S Bhoriwal, P Garg, S Singla, V Rathee, S Verma, S Mittal, S Aggarwal, A Narang
lymphangioma, lymphangiomatosis, splenic cysts
S Bhoriwal, P Garg, S Singla, V Rathee, S Verma, S Mittal, S Aggarwal, A Narang. Solitary Lymphangioma Of The Spleen: A Case Report. The Internet Journal of Gastroenterology. 2012 Volume 11 Number 2.
Solitary Lymphangioma of spleen are rare benign tumors and found in pediatric or young population. They are commonly seen in neck and axillary region. Abdominal Lymphangioma are found in less than 5% of cases and less than 100 cases of lymphangioma spleen are reported. It is rare to found these tumors in elderly. Here in a case of Lymphangioma of spleen in 60 years old female is reported with a review of literature.
Lymphangioma are congenital malformations of vascular origin.1 They are commonly seen in pediatric age group and 95% of lymphangioma occur in cervical and axillary region. Splenic lymphangioma are rare and can be found as isolated splenic lymphangioma or associated with lymphangiomatosis with multi organ involvement, this condition was first described by Redenber in 18281.These are benign lesions and formed by either blocking or agenesis of lymphatic channels. Treatment remains surgical in form of complete excision by total splenectomy.
A 60 years old female presented to surgical clinic of Pt. B.D.Sharma P.G.I.M.S. Rohtak with complaints of progressively enlarging swelling in the abdomen for past 10 years along with on and off pain in the abdomen for the past 6 years. On examining the abdomen was distended with an intra-peritoneal lump of size 17 x 18 centimeters. It was firm in consistency and the lump could be moved in all directions. Her routine investigations were within normal limits and ultrasound scan showed a large cystic lesion of size 16x15 centimeters in the lower abdomen and pelvis with necrotic component in it. CECT abdomen revealed a well-defined soft tissue density lesion with large soft tissue component measuring 12x14.8x17.3 centimeters with heterogeneous enhancement. As the mass was moving in all directions and considering the age of the patient a diagnosis of ovarian cyst was made and the patient was planned for elective laparotomy. Intraoperative bilateral ovaries were found to be normal and a huge mass arising from the spleen was noted. Splenectomy was done and histopathology revealed a rare diagnosis of Lymphangioma of the spleen.
Splenic cysts are rare with a reported incidence of 0.07% in a 42327 autopsy series.2 75% of them are parasitic while rest are non-parasitic.2 Parasitic cysts are formed in hydatid disease due to Echynococcus granulossus infestation, which itself is uncommon as spleen is affected in only 3.5% of cases.3 Non parasitic cysts are further classified as primary or true cysts and secondary or false cysts as they lack any cellular wall. They can result from trauma or hemorrhage into the organ. True cysts have a definite cellular lining of epithelium i.e. epidermoid, dermoid or mesothelial or lined by endothelium i.e. lymphangioma or angioma.4
Lymphangioma of spleen is rare benign malformations of vascular origin composed of endothelial lined cysts containing lymph.5 This was first described by Fink in 1885.5 These are rare and less than 100 cases are described in literature.6 75% of lymphangioma are found in cervical region, 20% in axillary region and rest 5% can be found at various sites like mediastinum, kidney and bones.7,8 Abdominal lymphangiomas rarely occur in pancreas, liver, spleen, retroperitonium, mesentery and Gastrointestinal tract.5,9-13 Lymphangioma of spleen can occur sporadically or as a part of generalized lymphangiomatosis, a condition in which lymphangiomas develops in multiple organs.7 Splenic lymphangioma are more common in females and 80% to 90% are discovered till second decade of life.14 Splenic involvement occurs in solitary nodular, multiple nodular or diffuse forms.14 They are classified as capillary, cavernous or cystic and are supposed to arise after congenital obstruction of lymph flow and subsequent dialtation of lymphatic channels or as a result of agenesis of lymphatics resulting in lymphangiectasis from lack of communication to lymphatic channels.5,14,15 They arise from subcapsular location which is the site of distribution of splenic lymphatics. The cysts are lined by endothelium and are filled with a proteinaceous fluid.7&14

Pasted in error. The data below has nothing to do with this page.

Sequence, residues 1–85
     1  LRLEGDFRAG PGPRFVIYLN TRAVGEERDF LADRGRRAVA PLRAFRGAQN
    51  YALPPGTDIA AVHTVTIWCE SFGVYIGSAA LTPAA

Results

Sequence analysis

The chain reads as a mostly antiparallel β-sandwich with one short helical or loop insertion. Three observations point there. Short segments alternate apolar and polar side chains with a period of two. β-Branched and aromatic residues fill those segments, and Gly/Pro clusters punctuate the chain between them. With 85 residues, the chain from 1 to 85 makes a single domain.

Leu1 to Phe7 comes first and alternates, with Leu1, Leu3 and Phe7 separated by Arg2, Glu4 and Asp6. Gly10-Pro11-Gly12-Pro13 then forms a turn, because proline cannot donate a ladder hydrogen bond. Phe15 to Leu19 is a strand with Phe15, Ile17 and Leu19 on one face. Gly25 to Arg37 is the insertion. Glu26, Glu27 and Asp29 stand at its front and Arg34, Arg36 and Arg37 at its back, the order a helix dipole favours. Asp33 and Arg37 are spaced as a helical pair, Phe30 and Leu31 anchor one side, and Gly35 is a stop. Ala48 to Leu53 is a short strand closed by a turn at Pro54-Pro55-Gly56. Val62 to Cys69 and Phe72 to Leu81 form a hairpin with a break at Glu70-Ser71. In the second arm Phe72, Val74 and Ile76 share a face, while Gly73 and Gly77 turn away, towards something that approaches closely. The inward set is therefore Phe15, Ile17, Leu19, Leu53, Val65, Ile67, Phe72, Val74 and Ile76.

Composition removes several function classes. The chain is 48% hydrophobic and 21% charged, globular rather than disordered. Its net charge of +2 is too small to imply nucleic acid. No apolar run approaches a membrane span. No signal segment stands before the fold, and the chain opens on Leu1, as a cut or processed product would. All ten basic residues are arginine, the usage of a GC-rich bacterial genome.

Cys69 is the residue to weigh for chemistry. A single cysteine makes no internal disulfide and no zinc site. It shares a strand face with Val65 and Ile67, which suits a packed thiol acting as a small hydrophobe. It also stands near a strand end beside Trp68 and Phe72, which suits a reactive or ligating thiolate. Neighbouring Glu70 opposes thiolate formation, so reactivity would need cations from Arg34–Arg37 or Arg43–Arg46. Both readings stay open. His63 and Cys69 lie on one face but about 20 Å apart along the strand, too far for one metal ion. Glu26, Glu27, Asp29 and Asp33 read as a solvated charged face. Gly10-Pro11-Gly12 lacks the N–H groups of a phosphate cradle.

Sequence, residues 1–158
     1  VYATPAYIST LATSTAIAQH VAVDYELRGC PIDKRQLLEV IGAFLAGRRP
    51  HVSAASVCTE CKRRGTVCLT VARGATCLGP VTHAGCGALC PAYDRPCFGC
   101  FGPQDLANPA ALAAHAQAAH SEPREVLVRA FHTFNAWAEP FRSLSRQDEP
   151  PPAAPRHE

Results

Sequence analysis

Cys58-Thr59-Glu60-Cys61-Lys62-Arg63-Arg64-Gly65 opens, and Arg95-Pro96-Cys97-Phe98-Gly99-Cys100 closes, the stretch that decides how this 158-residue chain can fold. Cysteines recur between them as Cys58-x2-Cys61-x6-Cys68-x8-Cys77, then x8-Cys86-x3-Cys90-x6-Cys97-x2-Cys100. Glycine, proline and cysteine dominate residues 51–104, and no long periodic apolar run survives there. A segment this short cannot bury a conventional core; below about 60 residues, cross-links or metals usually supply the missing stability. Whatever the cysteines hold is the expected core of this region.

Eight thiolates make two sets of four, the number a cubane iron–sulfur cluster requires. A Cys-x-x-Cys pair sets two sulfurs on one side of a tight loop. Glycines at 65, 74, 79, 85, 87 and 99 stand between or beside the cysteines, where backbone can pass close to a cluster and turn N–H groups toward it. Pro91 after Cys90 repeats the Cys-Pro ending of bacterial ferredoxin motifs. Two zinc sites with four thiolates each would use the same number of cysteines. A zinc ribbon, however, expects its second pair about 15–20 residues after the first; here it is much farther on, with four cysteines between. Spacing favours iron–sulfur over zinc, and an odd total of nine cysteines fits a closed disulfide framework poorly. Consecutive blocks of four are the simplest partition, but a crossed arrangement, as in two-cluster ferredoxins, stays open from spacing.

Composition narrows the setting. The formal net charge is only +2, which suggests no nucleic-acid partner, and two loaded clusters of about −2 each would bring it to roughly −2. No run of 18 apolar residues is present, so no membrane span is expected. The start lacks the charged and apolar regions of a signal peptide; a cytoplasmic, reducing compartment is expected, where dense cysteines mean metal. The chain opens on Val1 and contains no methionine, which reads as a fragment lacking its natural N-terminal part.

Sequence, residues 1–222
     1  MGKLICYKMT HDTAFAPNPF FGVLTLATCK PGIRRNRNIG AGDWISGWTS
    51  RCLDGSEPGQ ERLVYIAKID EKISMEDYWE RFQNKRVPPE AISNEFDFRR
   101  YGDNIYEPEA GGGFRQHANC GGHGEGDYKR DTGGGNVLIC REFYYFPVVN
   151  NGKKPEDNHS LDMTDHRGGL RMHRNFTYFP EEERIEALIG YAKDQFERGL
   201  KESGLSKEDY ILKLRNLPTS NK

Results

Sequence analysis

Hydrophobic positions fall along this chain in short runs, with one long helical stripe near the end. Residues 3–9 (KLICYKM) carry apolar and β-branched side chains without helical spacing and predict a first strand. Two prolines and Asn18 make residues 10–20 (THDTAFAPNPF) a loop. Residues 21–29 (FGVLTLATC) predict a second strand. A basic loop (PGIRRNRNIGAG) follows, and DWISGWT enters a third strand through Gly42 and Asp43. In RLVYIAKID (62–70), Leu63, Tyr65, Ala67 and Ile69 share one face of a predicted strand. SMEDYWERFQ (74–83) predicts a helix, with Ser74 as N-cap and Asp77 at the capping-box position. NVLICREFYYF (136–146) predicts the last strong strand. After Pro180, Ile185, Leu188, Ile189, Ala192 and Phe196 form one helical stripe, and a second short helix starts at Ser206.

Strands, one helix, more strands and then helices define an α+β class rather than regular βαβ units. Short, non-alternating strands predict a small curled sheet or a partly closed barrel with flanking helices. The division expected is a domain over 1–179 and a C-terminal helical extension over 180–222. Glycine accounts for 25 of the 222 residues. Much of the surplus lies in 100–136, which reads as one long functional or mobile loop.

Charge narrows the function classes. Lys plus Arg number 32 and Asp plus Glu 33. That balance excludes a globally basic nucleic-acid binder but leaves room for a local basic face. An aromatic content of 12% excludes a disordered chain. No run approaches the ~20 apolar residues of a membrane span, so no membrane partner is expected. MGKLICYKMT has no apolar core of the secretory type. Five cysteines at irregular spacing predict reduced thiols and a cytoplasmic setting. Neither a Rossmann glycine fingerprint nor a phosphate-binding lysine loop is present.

Clinically the presentation depends upon the size of the lesion. Small lymphangioma are asymptomatic but bigger ones produce symptoms by compressing the adjacent structures like stomach, kidney or duodenum.13 They can present with acute pain abdomen due to rupture or intracystic hemorrhage. Hypertension due to compression of renal artery has also been reported.16 Symptoms can be due to isolated splenic involvement or due to other organs involved in generalized lymphangiomatosis.8 Although considered benign they can be locally invasive.14 On CT or MRI they are thin walled cystic lesions and are low signal intensity on T1 weighted images and high signal intensity on T2 weighted images however intracystic hemorrhage or high protein content of the fluid can result in High signal intensity in T1 weighted image.17 They are considered benign but treatment remains surgical in form of splenectomy as they have a high recurrence rate if excision is not complete.18,19
Cystic lymphangioma are to be considered in the differentials of massive splenomegaly